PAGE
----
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Puli's avatar
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Mar 31, 2011

iRule to detect browser language and re-direct

Am working an iRule to detect browser's language and re-direct to the appropriate help page.



For example browser language is french send it to



Can you provide me with sample code how i can achieve this.



Can you recommend any tool to test it? to change my browser language for testing purposes ?



thanks, appreciate it.





6 Replies

  • Hi Puli,


    You can pull this from the HTTP header fields.



    Specifically HTTP header field called Accept-language header


    Click Here to go to a link that discusses accept-language header



    As for the code I suppose you can use a untested iRule scripts like the following



    when HTTP_REQUEST {
          if { [HTTP::header "Accepted-Language"] contains "fr" }  {



    or you can go switch command route if you have many different language pages.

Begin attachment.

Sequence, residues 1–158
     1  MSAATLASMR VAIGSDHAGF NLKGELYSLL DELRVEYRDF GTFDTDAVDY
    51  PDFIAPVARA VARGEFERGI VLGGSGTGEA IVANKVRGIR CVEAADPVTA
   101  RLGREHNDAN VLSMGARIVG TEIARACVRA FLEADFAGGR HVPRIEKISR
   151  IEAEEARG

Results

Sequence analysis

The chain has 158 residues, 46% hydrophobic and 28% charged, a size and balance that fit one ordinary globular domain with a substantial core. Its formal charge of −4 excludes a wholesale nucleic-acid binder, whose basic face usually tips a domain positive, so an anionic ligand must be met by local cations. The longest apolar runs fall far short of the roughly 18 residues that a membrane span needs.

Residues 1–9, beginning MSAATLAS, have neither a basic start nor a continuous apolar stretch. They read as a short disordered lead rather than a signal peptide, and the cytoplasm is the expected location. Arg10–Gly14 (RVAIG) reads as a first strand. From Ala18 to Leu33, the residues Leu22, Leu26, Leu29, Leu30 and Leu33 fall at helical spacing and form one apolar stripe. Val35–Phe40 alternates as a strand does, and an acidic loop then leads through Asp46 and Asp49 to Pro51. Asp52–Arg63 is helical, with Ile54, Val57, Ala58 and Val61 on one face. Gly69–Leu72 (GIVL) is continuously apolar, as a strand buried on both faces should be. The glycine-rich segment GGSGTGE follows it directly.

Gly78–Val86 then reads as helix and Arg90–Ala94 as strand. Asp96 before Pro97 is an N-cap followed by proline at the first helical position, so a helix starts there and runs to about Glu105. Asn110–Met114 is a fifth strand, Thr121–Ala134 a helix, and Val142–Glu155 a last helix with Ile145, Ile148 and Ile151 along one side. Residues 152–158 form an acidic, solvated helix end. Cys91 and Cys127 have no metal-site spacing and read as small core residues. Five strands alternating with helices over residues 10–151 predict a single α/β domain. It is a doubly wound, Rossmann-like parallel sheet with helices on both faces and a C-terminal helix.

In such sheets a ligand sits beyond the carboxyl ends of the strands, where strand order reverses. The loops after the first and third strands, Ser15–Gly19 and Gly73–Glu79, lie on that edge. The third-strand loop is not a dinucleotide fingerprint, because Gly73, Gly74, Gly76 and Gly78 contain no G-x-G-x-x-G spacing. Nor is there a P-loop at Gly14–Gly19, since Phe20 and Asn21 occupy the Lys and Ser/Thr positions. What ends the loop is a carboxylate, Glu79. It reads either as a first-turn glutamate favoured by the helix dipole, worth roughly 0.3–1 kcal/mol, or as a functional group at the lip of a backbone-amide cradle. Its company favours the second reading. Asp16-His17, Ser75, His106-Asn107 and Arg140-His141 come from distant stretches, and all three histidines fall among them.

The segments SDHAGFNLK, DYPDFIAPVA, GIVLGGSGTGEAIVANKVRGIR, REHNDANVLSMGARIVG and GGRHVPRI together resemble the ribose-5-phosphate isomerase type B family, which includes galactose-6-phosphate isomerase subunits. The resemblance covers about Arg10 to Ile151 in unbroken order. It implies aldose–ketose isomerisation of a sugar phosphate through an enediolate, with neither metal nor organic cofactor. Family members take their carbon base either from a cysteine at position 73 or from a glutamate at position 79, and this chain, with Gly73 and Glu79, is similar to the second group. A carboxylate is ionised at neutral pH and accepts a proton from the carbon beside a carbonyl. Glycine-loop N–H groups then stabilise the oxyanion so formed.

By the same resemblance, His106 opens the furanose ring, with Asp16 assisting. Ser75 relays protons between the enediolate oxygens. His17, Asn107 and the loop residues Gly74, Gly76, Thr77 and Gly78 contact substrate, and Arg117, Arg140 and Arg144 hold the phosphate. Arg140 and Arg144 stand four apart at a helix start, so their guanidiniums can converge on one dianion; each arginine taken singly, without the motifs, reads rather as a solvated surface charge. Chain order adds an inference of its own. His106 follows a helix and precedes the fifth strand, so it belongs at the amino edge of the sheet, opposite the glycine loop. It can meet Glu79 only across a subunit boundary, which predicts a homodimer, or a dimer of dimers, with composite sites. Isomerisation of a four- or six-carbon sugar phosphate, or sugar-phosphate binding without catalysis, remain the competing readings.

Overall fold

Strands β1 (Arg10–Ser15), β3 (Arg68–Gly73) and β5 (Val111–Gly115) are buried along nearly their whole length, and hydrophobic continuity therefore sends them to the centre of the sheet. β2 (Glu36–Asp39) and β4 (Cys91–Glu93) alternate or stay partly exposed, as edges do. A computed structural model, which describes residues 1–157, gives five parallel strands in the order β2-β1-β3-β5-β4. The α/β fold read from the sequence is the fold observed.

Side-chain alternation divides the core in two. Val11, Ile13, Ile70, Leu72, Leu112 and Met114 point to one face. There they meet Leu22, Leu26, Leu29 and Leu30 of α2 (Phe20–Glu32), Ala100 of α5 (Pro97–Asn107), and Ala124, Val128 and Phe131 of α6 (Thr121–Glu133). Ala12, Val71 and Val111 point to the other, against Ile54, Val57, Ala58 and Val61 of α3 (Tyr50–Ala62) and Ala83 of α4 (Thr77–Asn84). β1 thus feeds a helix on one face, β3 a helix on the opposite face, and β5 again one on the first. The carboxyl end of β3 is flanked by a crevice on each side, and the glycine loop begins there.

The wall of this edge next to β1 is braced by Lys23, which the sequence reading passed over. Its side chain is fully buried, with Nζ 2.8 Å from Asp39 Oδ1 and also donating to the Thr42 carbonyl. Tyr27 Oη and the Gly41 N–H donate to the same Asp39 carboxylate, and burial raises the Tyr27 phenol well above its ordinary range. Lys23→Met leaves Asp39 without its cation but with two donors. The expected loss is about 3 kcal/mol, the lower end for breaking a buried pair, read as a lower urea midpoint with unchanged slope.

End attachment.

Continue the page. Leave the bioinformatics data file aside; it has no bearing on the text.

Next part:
when HTTP_REQUEST {
          switch -glob [HTTP::header "Accepted-Language"] {
         "*fr*" - { HTTP::redirect }
         "*en-us*" - { HTTP::redirect }
          default - { HTTP::redirect }



    The tool that I normally use is the HTTPFox to quickly look at the language my browser is set to. Click Here to see view how you can switch languages on the browser level.



    I hope this helps




  • Colin_Walker_12's avatar
    Historic F5 Account
    Keep in mind both of those examples are using a "contains" style match, which means you're not necessarily using their preferred language, just one that they support. To be more specific you'd want to find the first language in the list.



  • You'd probably also want to only check a few URIs (/ and the main index page come to mind) so you're not checking the header on every request. Also, if the help pages are on the same VS as this iRule, you'd need some kind of logic to avoid a loop of redirects.

    You can use Fiddler (or an iRule even) to manipulate the Accept-Language header value: HTTP::header replace Accept-Language "my-new-language"

    To add to Colin's point, the Accept-Language header can have a preferential list:

    14.4 Accept-Language